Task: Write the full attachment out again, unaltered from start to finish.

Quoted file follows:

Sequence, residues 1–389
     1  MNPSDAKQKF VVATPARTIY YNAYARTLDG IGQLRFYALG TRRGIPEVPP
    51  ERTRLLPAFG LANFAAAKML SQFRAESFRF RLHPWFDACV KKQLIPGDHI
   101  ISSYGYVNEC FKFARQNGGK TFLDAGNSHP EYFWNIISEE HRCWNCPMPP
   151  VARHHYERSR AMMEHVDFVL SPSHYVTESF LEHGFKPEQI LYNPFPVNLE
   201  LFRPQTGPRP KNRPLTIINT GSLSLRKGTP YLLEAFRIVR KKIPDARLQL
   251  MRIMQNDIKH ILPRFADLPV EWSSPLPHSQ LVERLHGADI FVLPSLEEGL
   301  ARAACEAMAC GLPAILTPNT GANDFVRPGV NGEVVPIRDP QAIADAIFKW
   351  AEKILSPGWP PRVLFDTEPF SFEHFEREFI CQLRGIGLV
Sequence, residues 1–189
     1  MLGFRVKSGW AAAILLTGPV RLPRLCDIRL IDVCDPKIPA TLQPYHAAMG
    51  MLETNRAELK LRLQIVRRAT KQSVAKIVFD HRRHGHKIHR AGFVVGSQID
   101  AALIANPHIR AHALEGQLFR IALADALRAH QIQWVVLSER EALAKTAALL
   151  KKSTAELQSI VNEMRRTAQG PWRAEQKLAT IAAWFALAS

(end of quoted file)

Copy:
Sequence, residues 1–389
     1  MNPSDAKQKF VVATPARTIY YNAYARTLDG IGQLRFYALG TRRGIPEVPP
    51  ERTRLLPAFG LANFAAAKML SQFRAESFRF RLHPWFDACV KKQLIPGDHI
   101  ISSYGYVNEC FKFARQNGGK TFLDAGNSHP EYFWNIISEE HRCWNCPMPP
   151  VARHHYERSR AMMEHVDFVL SPSHYVTESF LEHGFKPEQI LYNPFPVNLE
   201  LFRPQTGPRP KNRPLTIINT GSLSLRKGTP YLLEAFRIVR KKIPDARLQL
   251  MRIMQNDIKH ILPRFADLPV EWSSPLPHSQ LVERLHGADI FVLPSLEEGL
   301  ARAACEAMAC GLPAILTPNT GANDFVRPGV NGEVVPIRDP QAIADAIFKW
   351  AEKILSPGWP PRVLFDTEPF SFEHFEREFI CQLRGIGLV
Sequence, residues 1–189
     1  MLGFRVKSGW AAAILLTGPV RLPRLCDIRL IDVCDPKIPA TLQPYHAAMG
    51  MLETNRAELK LRLQIVRRAT KQSVAKIVFD HRRHGHKIHR AGFVVGSQID
   101  AALIANPHIR AHALEGQLFR IALADALRAH QIQWVVLSER EALAKTAALL
   151  KKSTAELQSI VNEMRRTAQG PWRAEQKLAT IAAWFALAS